After schlepping to the supermarket and back, you might be tempted to unload your haul as quickly as possible so that you can kick back and relax—or at least move on to other household chores. But carefully stocking your fridge will help cut down on food waste, not to mention the risk of foodborne illness.     

Smart food storage takes into account the fact that climate conditions vary throughout a refrigerator. Door bins and upper shelves tend to be warmer than bottom shelves and deli compartments. Crisper drawers, meanwhile, can often be adjusted to create more or less humidity, depending on what’s going inside.

Here's a step-by-step guide to organizing your refrigerator. Even if your fridge's layout differs slightly, the same basic storage principles should deliver optimal results. 

Step One: The Door

In our temperature performance tests, which occur in climate-controlled chambers where we crank the heat up to 110 °F, temperatures on the door climb a couple degrees higher than the main compartment. That’s too warm for milk and eggs, despite the fact that many refrigerators have gallon door bins and egg-shaped compartments that seem like ideal places for these items. Instead, reserve the door for items that can handle warmer conditions, including the following:

Cooking oils

Step Two: The Meat/Deli Bin

This storage option is most common on French-door bottom-freezers, where it typically sits beneath the crisper drawers. It’s a helpful feature, especially if the temperature can be adjusted to best accommodate a range of foods—cooler for cured meats, for example, and warmer for a platter of hors d'oeuvres. Here’s the items that belong in the bin:

Deli meats
Hot dogs

Step Three: The Crisper Drawers

Crisper drawers are designed for produce. On many refrigerators, the humidity can be adjusted from high, ideal for most wilting vegetables, to low, best for a lot of fruits, plus some vegetables with thin skins that like the air a bit dryer. Even if your crisper drawers aren’t adjustable, the following division will help maximum freshness by keeping like-reacting produce together.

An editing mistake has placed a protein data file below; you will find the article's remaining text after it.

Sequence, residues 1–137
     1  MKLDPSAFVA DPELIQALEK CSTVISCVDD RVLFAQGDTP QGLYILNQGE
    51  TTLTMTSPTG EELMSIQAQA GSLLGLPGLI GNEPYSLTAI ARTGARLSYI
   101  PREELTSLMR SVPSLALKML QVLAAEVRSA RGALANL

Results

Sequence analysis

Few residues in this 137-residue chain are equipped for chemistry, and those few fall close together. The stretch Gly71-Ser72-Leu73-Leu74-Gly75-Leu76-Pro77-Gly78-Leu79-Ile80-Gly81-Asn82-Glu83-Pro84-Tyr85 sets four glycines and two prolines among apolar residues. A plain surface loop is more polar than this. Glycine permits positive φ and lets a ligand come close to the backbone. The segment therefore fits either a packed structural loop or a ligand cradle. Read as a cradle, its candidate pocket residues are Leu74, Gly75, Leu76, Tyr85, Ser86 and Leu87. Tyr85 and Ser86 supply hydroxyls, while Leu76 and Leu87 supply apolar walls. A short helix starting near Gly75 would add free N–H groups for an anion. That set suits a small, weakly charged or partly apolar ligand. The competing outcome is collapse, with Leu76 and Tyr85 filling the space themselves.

Low-Humidity Drawer
Avocados (once ripe)
Peaches, Pears, Plums, Nectarines (once ripe)
• Peppers
Melon (once ripe)
• Summer squash

High-Humidity Drawer
Green Onions
Leafy Greens

Step Four: The Lower Shelf

The lower shelf, usually located in the middle of the fridge, tends to be the coldest part of the refrigerator. This makes it ideal for storage of items that are more susceptible to developing harmful bacteria, including the following: 

Eggs (in their original carton)
Raw fish, meat, and poultry (on trays to catch drippings so as not to contaminate other foods)

Step Five: The Upper Shelf

The upper shelves, conversely, are the warmest part, with temperatures often reaching up around 40 °F. That’s too warm for milk and eggs, though yogurt is okay because it's fermented. Here’s the complete list of what to store on the top shelf. 

 Jam & Jelly  
Leftovers (large amounts should be transferred to several small containers so they’ll cool faster. Position towards front of fridge so you don't forget them)
Peanut butter
 Snacks (like hummus and fruit cups)

Refrigerator No-Nos

Knowing what goes where in the fridge can prevent spoiling. You also need to know which foods don't belong in the fridge in the first place. Here’s a look at that list: 

Bread (freezer is okay)
Onions (keep away from potatoes)
Potatoes (keep away from onions)

Loading a Refrigerator

Stop throwing money away on spoiled food! Consumer Reports expert, Ellen Klosz, shows 'Consumer 101' TV show host, Jack Rico, how properly loading a refrigerator can save consumers' food and money.